In 2016, voters approved the Sound Transit 3 package, which included an extension of Sounder from Lakewood to Tillicum and DuPont, scheduled to open in 2036. The Sounder South Line has 13 daily round-trips between Pierce County and Seattle, of which eight terminate at Lakewood station. Late morning, early afternoon, reverse-peak trains do not serve Lakewood, with the exception of a mid-day train added in 2016. Sounder trains travel from Lakewood to Tacoma to Seattle in 76 minutes. Lakewood station is served by Sound Transit Express routes connecting to Puyallup station, DuPont and Seattle. Intercity Transit operates buses between Olympia that stop at the station. Media related to Lakewood at Wikimedia Commons Sound Transit Rider Guide
Pershing Square station
Pershing Square is a heavy-rail subway station in the Los Angeles County Metro Rail system. It is located on Hill Street between 4th and 5th Streets, near Pershing Square in Downtown Los Angeles; this station is served by the Metro Red Line and the Metro Purple Line and various local bus services. The Metro Silver Line heading northbound to El Monte Station stops at the street level; the Metro Silver Line heading southbound to Harbor Gateway Transit Center does not stop near the station. The station uses an island platform layout and is decorated with a neon art piece by Stephen Antonakos; the work pays tribute to the first neon sign in the United States, hung in 1924 in the Pershing Square area. The station installed station canopies for the stations entrance in 2014. Pershing Square is near Angels Grand Central parking. Rail services: Red and Purple Line service hours are from 5:00 AM until 12:45 AM daily. Silver Line service hours are from 4:15 AM until 1:45 AM Monday- Friday & 5:00 A. M.- 1:45 A.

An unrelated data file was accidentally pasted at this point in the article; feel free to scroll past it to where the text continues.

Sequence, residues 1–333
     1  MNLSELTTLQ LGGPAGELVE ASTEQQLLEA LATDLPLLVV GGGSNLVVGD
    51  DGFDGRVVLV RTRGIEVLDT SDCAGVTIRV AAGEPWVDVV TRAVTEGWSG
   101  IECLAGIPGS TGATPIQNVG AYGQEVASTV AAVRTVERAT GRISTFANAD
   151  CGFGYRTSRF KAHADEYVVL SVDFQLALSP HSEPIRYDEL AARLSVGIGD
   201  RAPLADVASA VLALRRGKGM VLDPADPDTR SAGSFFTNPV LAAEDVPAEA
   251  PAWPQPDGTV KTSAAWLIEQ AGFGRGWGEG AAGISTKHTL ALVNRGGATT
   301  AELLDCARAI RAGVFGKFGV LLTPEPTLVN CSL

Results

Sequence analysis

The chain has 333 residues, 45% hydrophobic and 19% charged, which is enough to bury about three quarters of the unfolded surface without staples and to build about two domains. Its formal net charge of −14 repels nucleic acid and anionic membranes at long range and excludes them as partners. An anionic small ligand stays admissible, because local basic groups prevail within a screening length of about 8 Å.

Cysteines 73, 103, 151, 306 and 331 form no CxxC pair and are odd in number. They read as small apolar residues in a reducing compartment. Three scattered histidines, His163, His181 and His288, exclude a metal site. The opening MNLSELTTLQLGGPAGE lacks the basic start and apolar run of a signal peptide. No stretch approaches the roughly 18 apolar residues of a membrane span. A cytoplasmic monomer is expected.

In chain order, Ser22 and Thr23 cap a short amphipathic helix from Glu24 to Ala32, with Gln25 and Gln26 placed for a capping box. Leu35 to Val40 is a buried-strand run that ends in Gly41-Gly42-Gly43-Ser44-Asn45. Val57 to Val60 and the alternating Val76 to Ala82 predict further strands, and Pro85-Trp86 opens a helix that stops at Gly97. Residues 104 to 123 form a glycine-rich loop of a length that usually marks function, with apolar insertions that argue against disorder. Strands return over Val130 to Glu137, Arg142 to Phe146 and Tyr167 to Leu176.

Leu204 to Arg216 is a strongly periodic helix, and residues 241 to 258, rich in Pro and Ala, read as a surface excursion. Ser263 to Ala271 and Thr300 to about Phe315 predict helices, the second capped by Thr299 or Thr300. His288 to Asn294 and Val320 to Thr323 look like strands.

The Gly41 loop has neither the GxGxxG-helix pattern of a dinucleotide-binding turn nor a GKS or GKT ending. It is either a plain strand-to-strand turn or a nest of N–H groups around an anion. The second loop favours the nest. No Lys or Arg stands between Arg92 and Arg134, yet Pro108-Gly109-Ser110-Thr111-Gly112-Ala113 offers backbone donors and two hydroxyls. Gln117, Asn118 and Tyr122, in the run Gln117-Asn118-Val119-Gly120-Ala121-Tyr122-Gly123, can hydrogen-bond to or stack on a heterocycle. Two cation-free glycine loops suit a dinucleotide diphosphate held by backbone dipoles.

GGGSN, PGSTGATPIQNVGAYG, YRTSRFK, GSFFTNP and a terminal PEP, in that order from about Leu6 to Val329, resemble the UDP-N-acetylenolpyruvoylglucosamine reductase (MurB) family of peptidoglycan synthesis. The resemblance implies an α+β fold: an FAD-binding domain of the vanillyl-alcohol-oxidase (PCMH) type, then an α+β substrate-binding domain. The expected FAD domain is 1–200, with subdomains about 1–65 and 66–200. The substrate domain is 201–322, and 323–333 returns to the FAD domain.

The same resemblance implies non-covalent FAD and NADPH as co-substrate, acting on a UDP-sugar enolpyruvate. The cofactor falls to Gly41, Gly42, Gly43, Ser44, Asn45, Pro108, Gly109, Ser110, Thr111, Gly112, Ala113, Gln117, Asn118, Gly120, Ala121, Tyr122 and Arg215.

M. Saturdays/ Sundays & Holidays. Metro bus services: Metro Local: 2, 4, 10, 14, 16, 18, 28, 30, 33, 37, 38, 40, 45, 48, 53, 55, 62, 68, 70, 71, 76, 78, 79, 81, 83, 90, 91, 92, 94, 96, 302*, 316* & 378* Metro Express: 442*, 460, 487 & 489* Metro Rapid: 720, 728, 733, 745, 770 & 794 Metro Liner: Metro Silver Line Other local and commuter bus services: Foothill Transit: Silver Streak LADOT Commuter Express: 419* LADOT DASH: B, D Montebello Transit: 40, 50, 90* Orange County Transportation Authority: 701*, 721* Torrance Transit: 4* Note: * indicates commuter service that operates only during weekday rush hours. Pershing Square Historic Core/Broadway Angels Flight Grand Central Market Hilton Checkers Hotel Library Tower Jewelry District Millennium Biltmore Hotel Omni Los Angeles Hotel Richard J. Riordan Central Library Title Guarantee and Trust Company Building Angels Knoll parkOUE Skycrape LA Days of Summer S. W. A. T. Lethal Weapon 3 Speed He Was a Quiet Man "Takers" Bad Day 2005 video by musician Daniel Powter Pershing Square Station connections overview